Nadella’s statement “What we have witnessed over the past year is the dawn of a second wave of digital transformation sweeping every company and every industry” is deceptively innocuous. It vastly underplays what the digital phenomenon represents — an entirely new operating model that responds to changing consumer preferences of an increasingly larger proportion of the populace.
Imposing institutional preference on those who prefer digital engagement will lose out at the margin, by which I mean the incremental decisions that are made at the interface of changing consumer preferences and frictionless processes. Of course, that first financial institution will still make plenty of car loans. And JPMorganChase will still retain employees and hire new ones. But given their markets — car buyers and talented employees — will they land their full measure or will they miss the most desirable, highest return three or five or ten percent? As consumer preferences continue to evolve toward digital-first, that marginal loss will only grow and reduce an institution’s competitive position vis a vis competitors that meet buyers on their own ground. And, of course, given the demographics of customers who prefer digital transactions, the lost deals represent the tip of the iceberg — one lost transaction that forfeits the highest lifetime value customers.
The ongoing growth of digital transformation and changing consumer preferences means we’re in a time of transition, with multiple modes of provider/consumer interaction simultaneously available. This presents the need to decide which mode should be preferred and offered first. Digital transformation establishes a clear hierarchy of consumer interaction modes:
Organizations should attempt to push transactions to numbers one and four, with as high a percentage as possible being automated and no-touch, and F2F interactions being used only for legal reasons, exception handling, and relationship building. Number three should be avoided for all routine matters, and only used when number two is not possible. A shorter way to say this is “every phone call a failure.” Requiring a synchronous interaction without the need to meet physically is an indicator that the transaction process is broken and needs to be examined and improved.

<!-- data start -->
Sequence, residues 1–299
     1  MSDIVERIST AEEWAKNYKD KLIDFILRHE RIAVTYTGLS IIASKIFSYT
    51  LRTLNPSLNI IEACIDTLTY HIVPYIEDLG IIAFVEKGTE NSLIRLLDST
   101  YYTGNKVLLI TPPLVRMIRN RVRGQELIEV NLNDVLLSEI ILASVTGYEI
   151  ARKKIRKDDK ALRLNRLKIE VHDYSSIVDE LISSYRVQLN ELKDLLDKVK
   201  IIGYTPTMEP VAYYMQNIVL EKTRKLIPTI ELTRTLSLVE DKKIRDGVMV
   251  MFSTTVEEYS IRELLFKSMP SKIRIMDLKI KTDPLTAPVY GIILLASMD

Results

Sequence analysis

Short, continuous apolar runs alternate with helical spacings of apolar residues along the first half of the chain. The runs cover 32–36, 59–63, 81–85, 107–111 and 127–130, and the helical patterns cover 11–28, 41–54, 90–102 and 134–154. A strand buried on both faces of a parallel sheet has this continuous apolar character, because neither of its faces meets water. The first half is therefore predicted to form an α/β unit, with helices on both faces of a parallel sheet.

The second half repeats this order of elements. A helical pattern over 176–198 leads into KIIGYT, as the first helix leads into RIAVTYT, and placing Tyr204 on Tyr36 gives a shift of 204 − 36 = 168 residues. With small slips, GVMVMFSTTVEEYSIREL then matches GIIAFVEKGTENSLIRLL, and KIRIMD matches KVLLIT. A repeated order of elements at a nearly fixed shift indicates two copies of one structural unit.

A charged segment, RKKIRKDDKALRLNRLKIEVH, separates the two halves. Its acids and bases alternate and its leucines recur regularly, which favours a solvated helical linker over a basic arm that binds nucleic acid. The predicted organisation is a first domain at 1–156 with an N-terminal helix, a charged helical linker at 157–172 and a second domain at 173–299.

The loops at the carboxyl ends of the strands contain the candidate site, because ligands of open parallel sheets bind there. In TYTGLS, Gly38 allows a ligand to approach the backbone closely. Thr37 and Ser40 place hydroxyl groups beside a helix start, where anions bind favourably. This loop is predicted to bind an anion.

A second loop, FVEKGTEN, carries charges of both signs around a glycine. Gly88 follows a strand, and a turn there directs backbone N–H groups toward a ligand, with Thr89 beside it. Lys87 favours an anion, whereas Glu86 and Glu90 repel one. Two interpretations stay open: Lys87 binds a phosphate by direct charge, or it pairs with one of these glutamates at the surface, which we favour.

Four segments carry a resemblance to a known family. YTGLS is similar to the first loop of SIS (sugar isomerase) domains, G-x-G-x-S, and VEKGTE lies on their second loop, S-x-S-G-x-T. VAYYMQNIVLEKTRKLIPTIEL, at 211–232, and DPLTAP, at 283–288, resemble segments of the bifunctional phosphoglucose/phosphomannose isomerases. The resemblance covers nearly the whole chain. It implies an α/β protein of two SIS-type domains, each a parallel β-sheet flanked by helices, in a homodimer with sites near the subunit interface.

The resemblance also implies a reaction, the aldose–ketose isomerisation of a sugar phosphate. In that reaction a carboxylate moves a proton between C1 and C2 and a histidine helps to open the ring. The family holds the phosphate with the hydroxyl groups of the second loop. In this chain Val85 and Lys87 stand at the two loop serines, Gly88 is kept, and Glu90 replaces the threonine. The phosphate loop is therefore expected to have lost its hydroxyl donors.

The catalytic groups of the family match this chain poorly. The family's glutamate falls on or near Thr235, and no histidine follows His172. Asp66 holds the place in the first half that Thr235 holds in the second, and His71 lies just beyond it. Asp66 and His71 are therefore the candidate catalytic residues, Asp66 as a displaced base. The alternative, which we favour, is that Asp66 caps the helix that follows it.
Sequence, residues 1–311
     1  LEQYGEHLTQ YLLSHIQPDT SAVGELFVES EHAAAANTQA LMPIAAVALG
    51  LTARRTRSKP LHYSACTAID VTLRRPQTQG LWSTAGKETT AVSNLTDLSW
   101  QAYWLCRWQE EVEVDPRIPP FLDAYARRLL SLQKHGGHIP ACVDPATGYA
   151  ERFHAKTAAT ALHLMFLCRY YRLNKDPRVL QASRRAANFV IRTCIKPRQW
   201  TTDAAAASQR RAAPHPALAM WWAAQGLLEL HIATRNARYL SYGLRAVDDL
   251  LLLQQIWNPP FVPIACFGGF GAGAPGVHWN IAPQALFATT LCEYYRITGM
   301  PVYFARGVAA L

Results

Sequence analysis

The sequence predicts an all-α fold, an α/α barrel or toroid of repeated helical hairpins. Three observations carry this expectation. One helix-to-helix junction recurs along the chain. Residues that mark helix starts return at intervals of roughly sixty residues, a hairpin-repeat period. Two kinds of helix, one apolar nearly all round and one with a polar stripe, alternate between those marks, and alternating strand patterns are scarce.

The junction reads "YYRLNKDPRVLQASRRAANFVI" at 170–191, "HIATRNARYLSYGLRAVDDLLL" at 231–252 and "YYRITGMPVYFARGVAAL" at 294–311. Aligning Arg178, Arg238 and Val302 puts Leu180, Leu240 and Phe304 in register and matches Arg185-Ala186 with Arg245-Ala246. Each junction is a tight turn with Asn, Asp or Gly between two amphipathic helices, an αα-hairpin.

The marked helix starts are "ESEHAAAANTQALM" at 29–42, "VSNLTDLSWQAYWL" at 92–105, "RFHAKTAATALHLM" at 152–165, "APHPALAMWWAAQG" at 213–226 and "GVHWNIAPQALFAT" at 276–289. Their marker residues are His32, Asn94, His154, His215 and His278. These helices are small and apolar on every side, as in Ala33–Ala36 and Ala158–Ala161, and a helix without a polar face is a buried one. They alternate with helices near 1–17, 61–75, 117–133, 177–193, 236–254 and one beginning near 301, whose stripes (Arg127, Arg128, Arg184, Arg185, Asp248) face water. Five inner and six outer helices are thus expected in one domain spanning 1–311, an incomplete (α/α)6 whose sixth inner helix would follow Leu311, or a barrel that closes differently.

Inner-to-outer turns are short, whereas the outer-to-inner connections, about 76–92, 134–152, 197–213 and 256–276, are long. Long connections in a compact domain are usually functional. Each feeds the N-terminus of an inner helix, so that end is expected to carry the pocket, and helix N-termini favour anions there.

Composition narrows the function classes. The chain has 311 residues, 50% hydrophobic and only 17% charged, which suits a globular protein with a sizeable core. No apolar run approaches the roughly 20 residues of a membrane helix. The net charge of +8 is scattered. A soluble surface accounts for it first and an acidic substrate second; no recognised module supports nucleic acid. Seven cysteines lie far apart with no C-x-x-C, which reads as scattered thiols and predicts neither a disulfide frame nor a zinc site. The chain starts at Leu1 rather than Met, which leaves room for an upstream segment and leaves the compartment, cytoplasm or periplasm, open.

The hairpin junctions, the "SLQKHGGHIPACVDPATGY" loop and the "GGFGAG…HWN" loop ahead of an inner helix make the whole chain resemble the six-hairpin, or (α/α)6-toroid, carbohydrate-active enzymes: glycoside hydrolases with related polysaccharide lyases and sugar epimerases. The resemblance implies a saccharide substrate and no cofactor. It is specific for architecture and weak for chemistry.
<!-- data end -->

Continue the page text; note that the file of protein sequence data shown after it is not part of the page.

One company that has done a really good job of implementing this “avoid numbers two and three” strategy is Amazon in how it handles returns. When Amazon first went into business, returning a book or CD to Amazon required email exchanges with a customer service representative. This evolved to Amazon enabling customers to fill out an online form indicating a desire to return an item, which resulted in a return form being presented, which the consumer printed off and taped to a box containing the returned item before taking the box to a physical location like a UPS store. Today, a request to return an Amazon item results in choices of how to return it, with a physical store drop off requiring nothing more than the boxed item and a QR code emailed to the customer; alternatively, if one doesn’t wish to go somewhere to return an item, the old print-and-tape-to-box method can be used but with pickup at the customer location, thus imposing no requirement to go anywhere. No matter which method is used, there is no need to interact with a human in any part of the process (save actual dropoff at a physical return location).
Amazon clearly spent a lot of time analyzing the characteristics of returns and a lot of money in implementing systems to support greater and greater automation. Over time, given the volume of returns the company needs to manage, and the cost of using humans to support the original return model, it made sense to make the investment. Beyond the time and money, this incremental improvement reflects another aspect of Amazon — a strong willingness to pay attention to existing processes that probably work OK and perform incremental improvements to reduce costs and improve efficiency, aka reduce marginal costs in what is of course a small part of the business.
And this brings us to the most important lesson of digital transformation: You’re never done. Digital transformation requires ongoing and detailed examination of organization assumptions, tools, and processes along with a commitment to incrementally improving customer experience. Underlying this must be a willingness to maintain continued investment in moving as much traffic as possible to interaction modes number one and four. Only those organizations with the stomach to sign up and maintain a digital transformation mindset will succeed. Those that lack this motivation will become less and less competitive over time and will wither away to niche brands, used only by the least attractive consumers in the market.